Win a copy of Straw Bale Building Details this week in the Straw Bale House forum!
  • Post Reply Bookmark Topic Watch Topic
  • New Topic
permaculture forums growies critters building homesteading energy monies kitchen purity ungarbage community wilderness fiber arts art permaculture artisans regional education experiences global resources the cider press projects digital market permies.com private forums all forums
this forum made possible by our volunteer staff, including ...
master stewards:
  • Nicole Alderman
  • r ranson
  • paul wheaton
  • Anne Miller
  • Mike Jay
  • Jocelyn Campbell
stewards:
  • Devaka Cooray
  • Burra Maluca
  • Joseph Lofthouse
garden masters:
  • Dave Burton
  • Greg Martin
gardeners:
  • Mike Barkley
  • Shawn Klassen-Koop
  • Pearl Sutton

Calculating PSI of water tower system with intermediate tank  RSS feed

 
Posts: 41
Location: Mid-Missouri
3
forest garden fungi tiny house
  • Mark post as helpful
  • send pies
  • Quote
  • Report post to moderator
I'm stumped.

I'm trying to design a system with an elevated water tank that feeds into an intermediate closed tank at ground level and then on to an irrigation pipe.

The reason for the elevated water tank is increased PSI. The reason for the intermediate ground level tank is increased water holding capacity without the added cost of an insanely heavy duty water tower.

My thinking is that if the intermediate tank is closed, the PSI at the end of the pipe (X), should be computed from the difference between the bottom of the tower tank and the end of the pipe.

Is that right?

 
gardener
Posts: 2917
Location: Upstate NY, zone 5
124
  • Mark post as helpful
  • send pies
  • Quote
  • Report post to moderator
Yes, as long as the intermediate tank is fully closed, the pressure will be measured from the top tank.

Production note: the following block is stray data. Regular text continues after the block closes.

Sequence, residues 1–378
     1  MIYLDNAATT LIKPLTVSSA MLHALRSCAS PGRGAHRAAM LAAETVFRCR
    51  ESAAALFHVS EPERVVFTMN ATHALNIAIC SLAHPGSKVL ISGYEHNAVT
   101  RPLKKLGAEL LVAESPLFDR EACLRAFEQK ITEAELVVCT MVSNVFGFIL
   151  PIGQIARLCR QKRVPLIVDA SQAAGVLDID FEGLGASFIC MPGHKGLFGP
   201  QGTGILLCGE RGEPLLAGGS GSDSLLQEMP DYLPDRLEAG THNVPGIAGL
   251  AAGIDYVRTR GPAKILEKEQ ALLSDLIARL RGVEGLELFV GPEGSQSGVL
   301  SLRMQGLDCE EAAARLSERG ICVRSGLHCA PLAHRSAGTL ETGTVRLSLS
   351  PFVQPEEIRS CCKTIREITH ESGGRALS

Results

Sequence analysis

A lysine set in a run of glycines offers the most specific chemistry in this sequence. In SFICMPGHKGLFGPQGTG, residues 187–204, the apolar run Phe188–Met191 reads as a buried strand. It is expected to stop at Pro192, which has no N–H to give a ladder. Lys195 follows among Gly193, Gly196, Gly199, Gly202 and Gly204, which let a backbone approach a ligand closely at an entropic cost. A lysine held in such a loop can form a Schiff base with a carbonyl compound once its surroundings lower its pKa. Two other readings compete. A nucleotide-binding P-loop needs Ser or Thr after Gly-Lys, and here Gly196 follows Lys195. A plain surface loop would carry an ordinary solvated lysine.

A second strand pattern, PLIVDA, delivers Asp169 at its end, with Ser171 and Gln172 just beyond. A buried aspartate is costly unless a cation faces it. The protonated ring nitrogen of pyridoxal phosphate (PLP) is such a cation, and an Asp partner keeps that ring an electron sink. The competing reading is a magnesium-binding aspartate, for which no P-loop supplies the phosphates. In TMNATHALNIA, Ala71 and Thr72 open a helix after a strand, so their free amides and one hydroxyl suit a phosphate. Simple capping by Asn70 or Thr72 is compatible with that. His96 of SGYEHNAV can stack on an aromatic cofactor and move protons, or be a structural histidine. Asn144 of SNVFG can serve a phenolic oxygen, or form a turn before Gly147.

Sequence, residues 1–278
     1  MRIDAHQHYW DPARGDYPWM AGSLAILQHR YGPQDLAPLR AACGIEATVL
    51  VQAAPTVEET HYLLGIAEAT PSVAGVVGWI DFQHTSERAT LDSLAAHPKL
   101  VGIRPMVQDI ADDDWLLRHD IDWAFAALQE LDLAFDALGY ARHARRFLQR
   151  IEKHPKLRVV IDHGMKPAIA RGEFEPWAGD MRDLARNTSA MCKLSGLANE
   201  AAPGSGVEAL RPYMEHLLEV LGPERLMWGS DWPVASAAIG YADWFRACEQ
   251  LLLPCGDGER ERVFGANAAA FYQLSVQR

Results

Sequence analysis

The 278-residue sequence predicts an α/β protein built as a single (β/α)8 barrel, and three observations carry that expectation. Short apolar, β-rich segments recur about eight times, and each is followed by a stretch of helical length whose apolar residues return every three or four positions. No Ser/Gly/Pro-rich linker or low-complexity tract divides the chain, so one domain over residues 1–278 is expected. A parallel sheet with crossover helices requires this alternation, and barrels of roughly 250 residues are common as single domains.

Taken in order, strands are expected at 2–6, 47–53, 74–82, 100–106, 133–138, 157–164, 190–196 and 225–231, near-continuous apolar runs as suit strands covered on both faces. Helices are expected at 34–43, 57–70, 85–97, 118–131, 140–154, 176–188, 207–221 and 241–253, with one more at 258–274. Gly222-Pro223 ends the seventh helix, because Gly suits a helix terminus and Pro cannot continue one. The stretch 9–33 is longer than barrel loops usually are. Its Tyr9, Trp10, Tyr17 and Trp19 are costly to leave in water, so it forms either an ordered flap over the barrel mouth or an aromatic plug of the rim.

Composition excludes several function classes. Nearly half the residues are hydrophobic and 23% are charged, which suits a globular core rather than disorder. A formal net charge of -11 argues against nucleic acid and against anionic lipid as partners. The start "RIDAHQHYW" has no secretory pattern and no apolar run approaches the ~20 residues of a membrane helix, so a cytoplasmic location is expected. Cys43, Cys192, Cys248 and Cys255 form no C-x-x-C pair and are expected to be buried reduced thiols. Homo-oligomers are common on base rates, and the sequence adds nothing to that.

master steward
Posts: 4005
Location: Northern WI (zone 4)
968
books food preservation hunting solar trees woodworking
  • Mark post as helpful
  • send pies
  • Quote
  • Report post to moderator
Agreed.  And it should be calculated from the top of the water level in the tower tank (just to be overly detail oriented)
 
Bryan de Valdivia
Posts: 41
Location: Mid-Missouri
3
forest garden fungi tiny house
  • Mark post as helpful
  • send pies
  • Quote
  • Report post to moderator
Thanks guys! And I don't mean to be ungrateful, but are you sure on that?

Reason being, I'm thinking of the elevated tank being 275 gallons, and the ground level tank being some 2,500 or 3,000 gallons.

Where does the PSI come from? That is, how much of the PSI is generated by the weight of the 275 gallons pushing down on the other 2,500 ?

Or imagine it was only a 1 gallon container at the top of that water tower, seems magical that the PSI would be the same as if it were a lot larger mass up there.
 
Mike Jay
master steward
Posts: 4005
Location: Northern WI (zone 4)
968
books food preservation hunting solar trees woodworking
  • Likes 1
  • Mark post as helpful
  • send pies
  • Quote
  • Report post to moderator